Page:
Friday, 2 February 2007

NIE report confirms Iraqi civil strife

Nothing we didn't already know about the Iraqi civil war, but the US National Intelligence Estimate summary report (PDF) has some interesting insight to offer. Moreover what will be interesting is the potential shock-wave it will send in Washington.

This latest report is proof that even without Iran and other insurgency-inflaming forces there is ample sectarian — 'Iraqi-on-Iraqi' — violence fueling the civil war there.

A long-awaited National Intelligence Estimate on Iraq, presented to President Bush by the intelligence community yesterday, outlines an increasingly perilous situation in which the United States has little control and there is a strong possibility of further deterioration, according to sources familiar with the document.

In a discussion of whether Iraq has reached a state of civil war, the 90-page classified NIE comes to no conclusion and holds out prospects of improvement. But it couches glimmers of optimism in deep uncertainty about whether the Iraqi leaders will be able to transcend sectarian interests and fight against extremists, establish effective national institutions and end rampant corruption.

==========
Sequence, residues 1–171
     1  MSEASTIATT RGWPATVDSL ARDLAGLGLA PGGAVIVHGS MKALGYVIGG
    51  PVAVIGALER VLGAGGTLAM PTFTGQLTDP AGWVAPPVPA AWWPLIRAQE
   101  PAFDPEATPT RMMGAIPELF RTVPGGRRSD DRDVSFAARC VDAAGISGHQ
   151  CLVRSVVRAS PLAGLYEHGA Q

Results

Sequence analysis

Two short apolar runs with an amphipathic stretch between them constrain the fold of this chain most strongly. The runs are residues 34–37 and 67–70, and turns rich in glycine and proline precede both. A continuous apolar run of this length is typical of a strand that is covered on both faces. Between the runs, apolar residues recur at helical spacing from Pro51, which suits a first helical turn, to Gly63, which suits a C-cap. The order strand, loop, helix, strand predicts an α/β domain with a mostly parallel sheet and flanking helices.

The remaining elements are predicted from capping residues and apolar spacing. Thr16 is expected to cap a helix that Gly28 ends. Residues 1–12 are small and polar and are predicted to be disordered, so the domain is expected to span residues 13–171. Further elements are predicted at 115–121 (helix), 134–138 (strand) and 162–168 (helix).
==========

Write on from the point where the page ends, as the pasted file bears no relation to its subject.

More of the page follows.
The document emphasizes that although al-Qaeda activities in Iraq remain a problem, they have been surpassed by Iraqi-on-Iraqi violence as the primary source of conflict and the most immediate threat to U.S. goals. Iran, which the administration has charged with supplying and directing Iraqi extremists, is mentioned but is not a focus.

What else makes this NIE different from the rest? It's shift in focus. The United States' intelligence community is quite possibly finally coming out of the shell it ventured into following the 9/11 terrorist attacks in 2001. 2002 was neither a good year for American democracy nor was it a good year for American intelligence-gathering.

There is not only a lot of bombs going off in Baghdad, but political bombs in Washington too. How will the report be received by a Congress that seems to be more bark than bite on foreign policy and squaring off with the White House?

One interesting fact: the NIE failed to talk about President Bush's soon-to-be-implemented (probably) 21,500 troop surge in Iraq.

The NIE was a major issue a while back, when calls for that reports full disclosure were being made — obviously something Bush was against.

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